Much ado about nothing -- Dropbox quells fears of file snooping on users
Throughout today I have watched, with a sort of detached fascination, the attention suddenly being heaped upon cloud storage service Dropbox. It is certainly not the sort of publicity a company wants, either. It also is unwarranted. The company, at least by some outlets, is being accused of policing users' personal files in a search for copyrighted material.
The fact is, this all came about based on a tweet from one lone user, who was simply mentioning a system that was already in place, and has been for some time. Darrell Whitelaw, the user at the center of this, was only asking a question, not accusing the service of anything.
"Wow. @dropbox DMCA takedown in personal folders . . . this is new to me", the tweet reads. Mr. Whitelaw has since followed up, multiple times, explaining what he intended, and has been contacted by Dropbox with an explanation.
The simple truth is much more mundane than some of the sensationalistic stories floating about today. BetaNews reached out to Dropbox for an official statement, and you can read the response we received, below.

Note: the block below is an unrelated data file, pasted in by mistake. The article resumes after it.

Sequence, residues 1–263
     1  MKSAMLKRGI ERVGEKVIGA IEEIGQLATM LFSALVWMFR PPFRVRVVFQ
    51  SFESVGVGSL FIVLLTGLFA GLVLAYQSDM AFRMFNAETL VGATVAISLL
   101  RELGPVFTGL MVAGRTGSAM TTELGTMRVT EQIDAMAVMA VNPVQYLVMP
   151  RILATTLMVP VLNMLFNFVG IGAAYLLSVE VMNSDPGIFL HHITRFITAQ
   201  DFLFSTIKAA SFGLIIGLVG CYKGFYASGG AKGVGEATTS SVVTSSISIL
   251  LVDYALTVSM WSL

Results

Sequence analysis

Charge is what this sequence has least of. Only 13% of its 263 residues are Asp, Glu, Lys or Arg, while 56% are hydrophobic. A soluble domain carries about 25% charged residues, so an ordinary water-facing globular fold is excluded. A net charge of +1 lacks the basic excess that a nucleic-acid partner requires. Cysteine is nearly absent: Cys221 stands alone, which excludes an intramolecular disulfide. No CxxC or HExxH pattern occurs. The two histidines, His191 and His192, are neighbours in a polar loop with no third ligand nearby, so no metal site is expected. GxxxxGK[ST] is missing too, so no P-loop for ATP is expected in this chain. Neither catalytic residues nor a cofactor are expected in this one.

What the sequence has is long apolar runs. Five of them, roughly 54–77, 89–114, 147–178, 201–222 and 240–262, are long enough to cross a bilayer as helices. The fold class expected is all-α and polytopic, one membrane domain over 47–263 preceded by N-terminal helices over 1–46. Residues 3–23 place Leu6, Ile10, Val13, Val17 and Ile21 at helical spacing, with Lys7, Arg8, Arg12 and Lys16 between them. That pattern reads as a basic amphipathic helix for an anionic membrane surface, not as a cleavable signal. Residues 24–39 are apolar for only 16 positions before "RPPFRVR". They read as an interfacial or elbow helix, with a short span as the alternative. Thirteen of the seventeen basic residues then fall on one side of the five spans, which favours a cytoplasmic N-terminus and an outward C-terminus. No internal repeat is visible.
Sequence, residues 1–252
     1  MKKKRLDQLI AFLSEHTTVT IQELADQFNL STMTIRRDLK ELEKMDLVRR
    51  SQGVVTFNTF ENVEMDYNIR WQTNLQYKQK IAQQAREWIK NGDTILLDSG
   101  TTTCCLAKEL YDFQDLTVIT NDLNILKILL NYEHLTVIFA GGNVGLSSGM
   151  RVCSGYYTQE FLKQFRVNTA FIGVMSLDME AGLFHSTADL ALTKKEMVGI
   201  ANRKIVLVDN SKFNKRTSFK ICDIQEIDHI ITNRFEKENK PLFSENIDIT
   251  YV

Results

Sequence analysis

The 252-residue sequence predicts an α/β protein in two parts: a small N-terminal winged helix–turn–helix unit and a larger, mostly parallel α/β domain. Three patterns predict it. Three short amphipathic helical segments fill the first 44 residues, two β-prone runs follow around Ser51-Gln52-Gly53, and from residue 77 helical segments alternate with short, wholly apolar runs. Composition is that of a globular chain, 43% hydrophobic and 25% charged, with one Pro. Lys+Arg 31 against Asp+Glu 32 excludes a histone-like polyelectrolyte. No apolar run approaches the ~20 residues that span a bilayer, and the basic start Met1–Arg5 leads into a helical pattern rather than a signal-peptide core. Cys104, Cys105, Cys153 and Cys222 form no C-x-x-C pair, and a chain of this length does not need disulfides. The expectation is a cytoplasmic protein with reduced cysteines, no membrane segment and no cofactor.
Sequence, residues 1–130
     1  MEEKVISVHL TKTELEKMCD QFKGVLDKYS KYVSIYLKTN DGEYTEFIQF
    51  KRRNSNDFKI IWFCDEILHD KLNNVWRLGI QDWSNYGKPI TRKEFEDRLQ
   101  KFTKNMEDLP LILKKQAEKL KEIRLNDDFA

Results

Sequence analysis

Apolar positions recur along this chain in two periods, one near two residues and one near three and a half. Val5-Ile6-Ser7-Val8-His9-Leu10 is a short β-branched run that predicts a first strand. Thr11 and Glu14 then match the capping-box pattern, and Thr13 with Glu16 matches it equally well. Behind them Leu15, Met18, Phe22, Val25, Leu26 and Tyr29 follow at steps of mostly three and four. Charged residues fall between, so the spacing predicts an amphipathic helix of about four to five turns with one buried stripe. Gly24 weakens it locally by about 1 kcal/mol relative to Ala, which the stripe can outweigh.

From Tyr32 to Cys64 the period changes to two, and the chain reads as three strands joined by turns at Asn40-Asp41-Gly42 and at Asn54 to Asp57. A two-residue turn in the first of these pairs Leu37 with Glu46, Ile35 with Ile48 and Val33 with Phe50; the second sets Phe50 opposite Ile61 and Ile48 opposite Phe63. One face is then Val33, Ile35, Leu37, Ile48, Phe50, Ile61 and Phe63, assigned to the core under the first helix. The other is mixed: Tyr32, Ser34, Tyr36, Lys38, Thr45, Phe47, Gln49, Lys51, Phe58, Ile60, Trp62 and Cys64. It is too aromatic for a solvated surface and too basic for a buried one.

"There have been some questions around how we handle copyright notices. We sometimes receive DMCA notices to remove links on copyright grounds. When we receive these, we process them according to the law and disable the identified link. We have an automated system that then prevents other users from sharing the identical material using another Dropbox link. This is done by comparing file hashes. We don’t look at the files in your private folders and are committed to keeping your stuff safe".
Your personally stored files, as far as we know, are not being scanned by the service. The only action being taken is to block shares of a file that matches one involved in a DMCA takedown notice. That file will not be removed from your cloud storage account either, just prevented from being shared. It's a simple solution and isn't even new.
With all of the recent news surrounding the NSA, hacked services and such -- not to mention the continuous concern about the DMCA -- it isn't a surprise this got so much attention. You can't always believe what you read on the Internet, though.